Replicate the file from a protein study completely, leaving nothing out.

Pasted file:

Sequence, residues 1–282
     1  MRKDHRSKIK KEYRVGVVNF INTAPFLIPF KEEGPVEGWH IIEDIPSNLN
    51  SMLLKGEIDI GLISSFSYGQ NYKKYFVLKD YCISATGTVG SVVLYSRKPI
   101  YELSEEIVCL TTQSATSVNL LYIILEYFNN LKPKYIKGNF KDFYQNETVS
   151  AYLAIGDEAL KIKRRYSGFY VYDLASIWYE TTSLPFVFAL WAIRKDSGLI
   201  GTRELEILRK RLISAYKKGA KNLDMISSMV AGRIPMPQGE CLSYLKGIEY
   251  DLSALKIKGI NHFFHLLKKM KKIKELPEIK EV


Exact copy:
Sequence, residues 1–282
     1  MRKDHRSKIK KEYRVGVVNF INTAPFLIPF KEEGPVEGWH IIEDIPSNLN
    51  SMLLKGEIDI GLISSFSYGQ NYKKYFVLKD YCISATGTVG SVVLYSRKPI
   101  YELSEEIVCL TTQSATSVNL LYIILEYFNN LKPKYIKGNF KDFYQNETVS
   151  AYLAIGDEAL KIKRRYSGFY VYDLASIWYE TTSLPFVFAL WAIRKDSGLI
   201  GTRELEILRK RLISAYKKGA KNLDMISSMV AGRIPMPQGE CLSYLKGIEY
   251  DLSALKIKGI NHFFHLLKKM KKIKELPEIK EV